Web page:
Dig Into Unix: Standard Streams


This is the third installment of our Dig Into Unix series, an ongoing look into the deep, geeky insides of the core of OS X. In the first part, we got to fire up the Terminal and take a look around the filesystem as the OS sees it, which is slightly different from how the rest of us see it through the Finder. In the second installment, we took a look at vi, the ancient text editor fit for kings.

Today, I’d like to cover a very basic, but very powerful, aspect of Unix, the three standard streams: standard in, standard out, and standard error. These three are normally abbreviated as stdin, stdout and stderr.

dig_unix_single_stream When interacting with an application on the command line, it’s good to imagine that application with three pipes. One is a big funnel, right on top — this is stdin, accepting input from the keyboard. The second pipe is on the bottom, stdout, sending text to the Terminal. The third, stderr, sticks out the side, and normally also sends its output to the Terminal. I say “normally” because the standard streams can be redirected by certain key characters. For example, if you use “cat” to display a document, you are sending stdout to the Terminal. However, if you use “cat” like this, you actually send the output of the cat command to another file, redirecting stdout to a new text file.

cat someFile 1> someCopy.txt

The number one in the command above represents stdout. The right arrow is telling the shell that you’d like to redirect stdout to a new file. If that file already exists, this command will replace that file with the contents of “someFile”. If you’d like to append the text to someCopy.txt, you could do this as well:

cat someOtherFile 1>> someCopy.txt

You’ll notice that I used two right arrows that time. Using the double right arrows tells the shell to append the text to the end of the file. This works great for keeping a running log of regularly scheduled tasks.

Sometimes you’ll want to either keep error messages out of the way, or you’ll like to keep a log of error messages. In this case, you can redirect stderr to a file like this:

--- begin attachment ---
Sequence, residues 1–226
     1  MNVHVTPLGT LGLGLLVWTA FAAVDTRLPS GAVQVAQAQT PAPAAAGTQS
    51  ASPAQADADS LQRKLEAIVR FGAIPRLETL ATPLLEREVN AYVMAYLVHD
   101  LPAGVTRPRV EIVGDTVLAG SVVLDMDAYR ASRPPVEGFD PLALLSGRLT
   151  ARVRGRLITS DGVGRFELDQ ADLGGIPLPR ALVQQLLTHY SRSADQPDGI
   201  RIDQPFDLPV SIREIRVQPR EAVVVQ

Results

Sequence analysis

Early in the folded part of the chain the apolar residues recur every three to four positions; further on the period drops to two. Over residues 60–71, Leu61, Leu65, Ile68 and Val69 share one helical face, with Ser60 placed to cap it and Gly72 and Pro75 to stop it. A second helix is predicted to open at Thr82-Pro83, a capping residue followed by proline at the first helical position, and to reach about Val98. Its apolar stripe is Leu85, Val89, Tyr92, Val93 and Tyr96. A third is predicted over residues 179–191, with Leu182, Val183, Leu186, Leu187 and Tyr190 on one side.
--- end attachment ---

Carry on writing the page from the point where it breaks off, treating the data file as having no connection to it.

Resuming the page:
grep something somewhere 2> grep_error_log

The grep command is another Unix power tool that we’ll touch on later in the series. For now, just know that grep searches for strings of text in files. In the command above, I told grep to search for the string “something” in the file “somewhere” and then redirect stderr “2” to a file named “grep_error_log.” Run this command without the redirect on it, then add the redirect and run it again. You can compare the contents of the error log to what you saw on the terminal and see that they are the same.

Being able to redirect output is handy, but not really a “power tool.” The real power is in the pipe, the key on the far right above the return key, that looks like this: “|”, and it’s probably a key that you may have looked at and wondered…“why is that there?” The pipe takes the stdout from one command and feeds it to the stdin of another command. Think about the picture above; now imagine plugging lots of different commands into each other in a long string. The nature of Unix is that it is continually used in ways that its creators never imagined. It is truly a system limited only by your creativity and curiosity.


During one of my early classes on Unix, after we had entered in a command very similar to the one below, the instructor stood up and said, “Congratulations, you are all programmers!” We weren’t, not by a long shot, but the idea was that by entering commands and stringing them together in the Terminal, we were programming the computer to perform a specific task. We were not using a traditional “programming” language like C or even Java, but we were programming directly to the shell.

To put this idea into action, consider this command:

cat someFile | grep someText 1> foundText

First of all, yes, I’m aware that this is a useless use of cat. That’s not the point. The point is that the above command connects cat’s stdout, which normally points to the Terminal, to stdin of grep, which then searches what it has been handed for the string “someText,” and then, just for good measure, redirect the output of grep to a file named “foundText.”

The simple illustrations I’ve given here work in all kinds of situations. Personally, I use the pipe and stream redirection to parse the results of commands that search logs, retrieve information from the Internet, and reformat data into comma separated values for importing into Numbers, Excel or OpenOffice. There are very few limitations to what you can do with plain text and the tools lurking under the hood of your Mac.